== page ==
Organizing, Supporting, and Funding Entities
The Proceeds of Crime Act (2002) allows for government seizure of property that is thought to have been garnered through illicit means or is thought to be earmarked for such purposes. The defendants will get an opportunity to prove that this is not the case, however, if they fail to do so the money becomes forfeit and 50% of it will get recycled into the police budgets. It is estimated that between April 2020 and March 2021 over £3.5 million6 was seized by Merseyside police as a result of the POCA, illustrating the scope of the issue in the region. It is from this portion of the police budget that £26000 was earmarked for the ‘Speke up’ participatory budgeting scheme.
An organising committee was formed by members of the local community.
Participant Recruitment and Selection
The Speke up participatory budgeting scheme is open to all the residents of the local community. “bids of up to £2,000 were agreed, and they had to be from voluntary or community organisations. Multiple bids from a single organisation would not be allowed and the applicants could be from constituted and un-constituted groups. Bids were accepted from anywhere as long as the final product benefitted the people of Speke.”7 In order to apply an organisation would simply have to fill out the form that is readily available online and provide basic information as to what their organisation does and the name of their project. Everyone over the age of 11 was allowed to vote in the process, with the reasoning being that it would be these younger age groups in particular that they would be trying to support with this process. In order to vote people simply had to turn up to the PB event on the morning of the 19th of March 2019.
Methods and Tools Used
“In order to hear the voices of Speke and galvanise them into helping the fight against SOC, a two process programme was undertaken.”8 The first of these processes was a world cafe which is “is a user-friendly method for creating meaningful and cooperative dialogue around questions that count. As an organizational or social design process the World Café offers a practical way to enhance the human capacity for collaborative thought.”9 This world cafe event was organised by “Organised by the Speke Venny Adventure Playground, in partnership with Onward, South Liverpool Homes and Merseyside Police, the event was an opportunity for residents to share their views on the area and provide suggestions on what could be done to improve it.” (Onward., 2019) This initial event was a success with 80 people attending, 19 of whom went on to play an active role in the communities participatory budgeting planning group which was “designed to ensure local ownership of the PB process.”10 This ensured that the Speke up scheme would very much be a community led process, rather than one that was led by bureaucrats.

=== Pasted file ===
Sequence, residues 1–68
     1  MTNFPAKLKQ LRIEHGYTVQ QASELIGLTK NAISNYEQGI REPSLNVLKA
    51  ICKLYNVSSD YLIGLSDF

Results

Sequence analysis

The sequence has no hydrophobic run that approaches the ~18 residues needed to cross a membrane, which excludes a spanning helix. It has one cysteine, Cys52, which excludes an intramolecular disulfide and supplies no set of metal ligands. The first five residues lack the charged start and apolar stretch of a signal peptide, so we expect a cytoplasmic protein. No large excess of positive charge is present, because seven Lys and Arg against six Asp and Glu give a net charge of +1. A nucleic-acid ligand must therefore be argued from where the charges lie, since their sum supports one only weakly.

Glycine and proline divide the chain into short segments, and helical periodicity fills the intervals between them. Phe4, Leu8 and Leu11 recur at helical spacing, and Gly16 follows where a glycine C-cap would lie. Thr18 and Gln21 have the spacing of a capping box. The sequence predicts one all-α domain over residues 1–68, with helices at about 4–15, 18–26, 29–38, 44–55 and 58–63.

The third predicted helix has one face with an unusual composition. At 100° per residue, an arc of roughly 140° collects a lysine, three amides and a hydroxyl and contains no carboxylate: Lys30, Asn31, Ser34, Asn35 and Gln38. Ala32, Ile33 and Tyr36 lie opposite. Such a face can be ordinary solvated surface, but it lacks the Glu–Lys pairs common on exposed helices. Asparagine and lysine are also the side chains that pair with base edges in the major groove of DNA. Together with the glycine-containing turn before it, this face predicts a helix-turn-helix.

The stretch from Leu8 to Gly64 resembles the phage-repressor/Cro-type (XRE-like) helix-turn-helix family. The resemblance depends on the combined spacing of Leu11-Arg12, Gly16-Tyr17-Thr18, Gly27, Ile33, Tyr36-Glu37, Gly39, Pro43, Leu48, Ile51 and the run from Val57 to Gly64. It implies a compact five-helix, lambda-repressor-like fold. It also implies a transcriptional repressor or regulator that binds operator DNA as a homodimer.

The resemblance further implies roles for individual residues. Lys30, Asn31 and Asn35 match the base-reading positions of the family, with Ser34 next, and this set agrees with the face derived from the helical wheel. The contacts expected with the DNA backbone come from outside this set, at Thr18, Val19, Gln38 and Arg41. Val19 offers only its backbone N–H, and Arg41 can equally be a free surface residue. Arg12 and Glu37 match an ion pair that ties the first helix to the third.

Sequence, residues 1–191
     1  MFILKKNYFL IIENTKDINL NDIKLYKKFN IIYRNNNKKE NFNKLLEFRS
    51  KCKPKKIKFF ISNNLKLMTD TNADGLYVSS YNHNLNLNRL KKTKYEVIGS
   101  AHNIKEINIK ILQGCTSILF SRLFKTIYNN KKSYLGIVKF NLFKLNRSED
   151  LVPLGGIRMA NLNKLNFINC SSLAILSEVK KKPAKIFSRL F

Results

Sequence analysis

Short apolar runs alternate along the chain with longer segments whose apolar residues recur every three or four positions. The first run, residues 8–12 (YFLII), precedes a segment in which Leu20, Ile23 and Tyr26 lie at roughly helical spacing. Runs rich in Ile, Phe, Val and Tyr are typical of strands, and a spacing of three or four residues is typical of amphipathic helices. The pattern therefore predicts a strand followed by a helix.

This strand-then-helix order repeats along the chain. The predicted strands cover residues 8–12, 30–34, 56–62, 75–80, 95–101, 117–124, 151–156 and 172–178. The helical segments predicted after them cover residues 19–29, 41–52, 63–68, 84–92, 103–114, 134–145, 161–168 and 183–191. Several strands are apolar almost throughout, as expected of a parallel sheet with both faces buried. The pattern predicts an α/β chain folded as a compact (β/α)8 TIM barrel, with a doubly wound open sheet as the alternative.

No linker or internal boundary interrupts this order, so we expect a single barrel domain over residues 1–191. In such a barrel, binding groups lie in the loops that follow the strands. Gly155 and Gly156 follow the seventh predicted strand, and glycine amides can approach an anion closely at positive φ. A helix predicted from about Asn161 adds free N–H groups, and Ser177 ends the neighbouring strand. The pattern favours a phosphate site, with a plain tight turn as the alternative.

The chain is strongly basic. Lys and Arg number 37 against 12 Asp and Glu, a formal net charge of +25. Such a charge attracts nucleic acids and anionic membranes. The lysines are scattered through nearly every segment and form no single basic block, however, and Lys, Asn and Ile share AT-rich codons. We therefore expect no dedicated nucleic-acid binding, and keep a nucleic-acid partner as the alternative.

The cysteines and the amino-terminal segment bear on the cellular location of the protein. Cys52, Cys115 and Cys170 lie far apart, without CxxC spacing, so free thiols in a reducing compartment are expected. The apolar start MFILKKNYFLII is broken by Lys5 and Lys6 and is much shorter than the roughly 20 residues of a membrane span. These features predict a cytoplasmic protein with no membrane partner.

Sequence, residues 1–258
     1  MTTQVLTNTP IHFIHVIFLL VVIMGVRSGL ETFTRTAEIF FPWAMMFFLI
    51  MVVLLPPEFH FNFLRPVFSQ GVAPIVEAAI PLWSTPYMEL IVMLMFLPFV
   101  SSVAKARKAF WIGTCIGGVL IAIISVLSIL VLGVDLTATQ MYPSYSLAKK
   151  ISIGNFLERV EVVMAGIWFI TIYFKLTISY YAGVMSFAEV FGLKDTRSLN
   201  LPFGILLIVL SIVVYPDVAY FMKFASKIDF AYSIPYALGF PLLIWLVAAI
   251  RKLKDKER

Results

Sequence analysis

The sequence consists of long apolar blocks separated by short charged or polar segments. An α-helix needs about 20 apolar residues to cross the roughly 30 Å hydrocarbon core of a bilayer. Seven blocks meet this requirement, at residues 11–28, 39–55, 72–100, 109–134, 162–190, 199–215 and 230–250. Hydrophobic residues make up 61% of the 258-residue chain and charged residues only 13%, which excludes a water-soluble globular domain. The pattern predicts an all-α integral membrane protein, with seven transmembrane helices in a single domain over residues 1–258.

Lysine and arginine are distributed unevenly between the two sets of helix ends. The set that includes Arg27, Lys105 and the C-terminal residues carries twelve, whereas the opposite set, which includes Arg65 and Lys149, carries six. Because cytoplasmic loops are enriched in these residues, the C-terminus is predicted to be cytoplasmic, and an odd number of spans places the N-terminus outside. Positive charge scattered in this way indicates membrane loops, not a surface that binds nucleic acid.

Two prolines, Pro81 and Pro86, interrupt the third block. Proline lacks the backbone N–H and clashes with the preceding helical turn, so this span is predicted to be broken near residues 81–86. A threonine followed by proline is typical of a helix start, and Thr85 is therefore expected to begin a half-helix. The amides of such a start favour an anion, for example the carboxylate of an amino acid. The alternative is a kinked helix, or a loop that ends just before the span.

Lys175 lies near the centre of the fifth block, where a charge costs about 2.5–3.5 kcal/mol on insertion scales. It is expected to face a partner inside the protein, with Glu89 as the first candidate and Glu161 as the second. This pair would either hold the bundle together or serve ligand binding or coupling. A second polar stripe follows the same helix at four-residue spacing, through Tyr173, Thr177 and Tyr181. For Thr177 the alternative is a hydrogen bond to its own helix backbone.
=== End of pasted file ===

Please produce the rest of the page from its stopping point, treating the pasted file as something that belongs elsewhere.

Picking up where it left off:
The second Process was the Participatory budgeting voting morning mentioned earlier. During this the attendees would be briefly presented each of the proposals and take part in a ranked voting process where the most supported projects would be awarded a portion of the £26,000. Additionally, there was a community steering group who would meet on “four occasions to debate decisions in relation to the bidding criterion, with the steering group determined to encourage bids from as many voluntary and community groups as possible.”11 Ensuring that the deliberation and decision making processes were always undergone with a community focused aspect.
What Went On: Deliberation, Decisions, and Public Interaction
As was touched upon in the previous section the first of the two processes undertaken was a world cafe event. This was held in late 2018 with 80 people attending and 19 of those going on to play a role in the organisation of the participatory budgeting process. This was important as “the majority of those who stepped forward to be part of the group were engaged in some sort of voluntary work, either running sporting groups, supporting people into employment through training or helping to protect those who may be vulnerable to online criminality.”12 This allowed for people within the community who were involved in the fight against serious and organised crime through different means to network and develop relationships, illustrating that this process was not only designed to help finance pivotal local projects designed to help mitigate the effect of criminal activity in Speke, but was also playing a role in helping the local community network and share ideas.